After two trips to the NCAA Tournament and an adventure to Championship Weekend last season, Cornell has relieved Ben DeLuca of his duties as Cornell's head men's lacrosse coach:
Earlier today, Meakem Smith Director of Athletics and Physical Education Andrew Noel informed Ben DeLuca that he has been dismissed from his position as head coach of the Cornell Men’s Lacrosse Program. While Cornell University recognizes the contributions DeLuca has made to our nationally ranked lacrosse program as a player and assistant coach, it is the university’s belief that new leadership is required to best serve our students and to continue our lacrosse program’s decades-long tradition of excellence.
Also effective today, Matt Kerwick, who served as assistant coach for the 2013 season and is a former head coach for several successful programs, will take over as the interim head coach for our men’s lacrosse team while Cornell conducts a national search for a new head coach.
Noel issued this statement:
“This was a difficult decision, but our students are our first priority and there is no doubt now that new leadership is required.
“Matt is a proven leader and has held head coach positions at Hobart and Jacksonville University. I have great confidence in Matt’s ability to lead the team in this time of transition. We are also confident in our ability to attract an exceptional head coach to lead the team forward in the tradition of Cornell Lacrosse.”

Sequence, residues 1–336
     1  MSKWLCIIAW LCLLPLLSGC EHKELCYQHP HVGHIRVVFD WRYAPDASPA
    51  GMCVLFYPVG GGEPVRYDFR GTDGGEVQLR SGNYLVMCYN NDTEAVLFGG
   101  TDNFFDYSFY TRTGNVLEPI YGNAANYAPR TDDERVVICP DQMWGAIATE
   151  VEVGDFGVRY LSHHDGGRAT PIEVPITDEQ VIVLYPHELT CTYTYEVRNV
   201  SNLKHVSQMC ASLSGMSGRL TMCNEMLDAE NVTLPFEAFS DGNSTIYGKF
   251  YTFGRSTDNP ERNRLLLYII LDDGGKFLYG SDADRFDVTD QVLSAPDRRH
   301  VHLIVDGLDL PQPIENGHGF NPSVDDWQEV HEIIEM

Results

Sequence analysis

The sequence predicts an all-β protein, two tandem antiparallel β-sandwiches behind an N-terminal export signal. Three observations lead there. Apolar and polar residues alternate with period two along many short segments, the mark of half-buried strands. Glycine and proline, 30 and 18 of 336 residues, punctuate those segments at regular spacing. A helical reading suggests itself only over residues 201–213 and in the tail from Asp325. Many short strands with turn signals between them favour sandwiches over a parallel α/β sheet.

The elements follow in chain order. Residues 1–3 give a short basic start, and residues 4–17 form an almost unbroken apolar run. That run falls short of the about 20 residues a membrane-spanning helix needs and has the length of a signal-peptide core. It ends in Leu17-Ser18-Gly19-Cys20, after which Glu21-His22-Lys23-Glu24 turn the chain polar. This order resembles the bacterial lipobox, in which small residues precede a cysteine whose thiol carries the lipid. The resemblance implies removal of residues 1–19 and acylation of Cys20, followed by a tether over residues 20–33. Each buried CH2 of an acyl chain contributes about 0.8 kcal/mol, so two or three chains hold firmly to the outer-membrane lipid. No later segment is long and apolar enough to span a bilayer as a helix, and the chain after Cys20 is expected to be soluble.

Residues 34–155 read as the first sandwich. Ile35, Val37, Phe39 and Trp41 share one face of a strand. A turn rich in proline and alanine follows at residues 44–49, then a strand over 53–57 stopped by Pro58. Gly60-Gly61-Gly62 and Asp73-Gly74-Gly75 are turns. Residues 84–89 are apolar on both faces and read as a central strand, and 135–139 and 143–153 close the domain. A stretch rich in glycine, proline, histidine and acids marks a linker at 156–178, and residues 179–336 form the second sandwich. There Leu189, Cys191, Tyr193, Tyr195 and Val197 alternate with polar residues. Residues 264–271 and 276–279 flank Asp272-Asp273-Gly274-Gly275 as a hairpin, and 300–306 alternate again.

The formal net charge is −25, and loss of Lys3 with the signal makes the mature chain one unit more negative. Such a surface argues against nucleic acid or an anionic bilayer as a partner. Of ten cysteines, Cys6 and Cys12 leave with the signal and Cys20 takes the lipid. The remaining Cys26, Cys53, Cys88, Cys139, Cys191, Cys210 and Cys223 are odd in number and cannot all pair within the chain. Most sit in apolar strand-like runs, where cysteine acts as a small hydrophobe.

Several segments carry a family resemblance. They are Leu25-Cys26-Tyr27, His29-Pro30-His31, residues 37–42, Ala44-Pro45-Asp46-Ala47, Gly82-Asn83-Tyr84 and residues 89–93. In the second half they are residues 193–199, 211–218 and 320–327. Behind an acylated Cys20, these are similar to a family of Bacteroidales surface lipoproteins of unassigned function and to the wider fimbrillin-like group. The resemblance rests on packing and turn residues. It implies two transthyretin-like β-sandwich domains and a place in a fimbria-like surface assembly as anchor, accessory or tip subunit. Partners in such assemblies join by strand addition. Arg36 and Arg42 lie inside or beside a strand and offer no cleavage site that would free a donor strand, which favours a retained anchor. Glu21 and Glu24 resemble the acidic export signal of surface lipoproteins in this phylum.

Matt Kerwick now takes the reins of the Red program, stepping to the fore after driving Cornell's offense last season. Kerwick, an offensive savant, recently served as the associate head coach at Georgetown in 2012 and ran the programs at Jacksonville and Hobart prior to his stint on The Hilltop. Given the date on the calendar, Kerwick is likely to lead the Red through the 2014 season as a national coaching search at this stage in the year isn't likely to bear much fruit for Cornell.
The Big Red were sidelined this fall from inter-squad competition after allegations of hazing surfaced. The press release from Cornell does not indicate whether the hazing situation was the impetus for DeLuca's firing.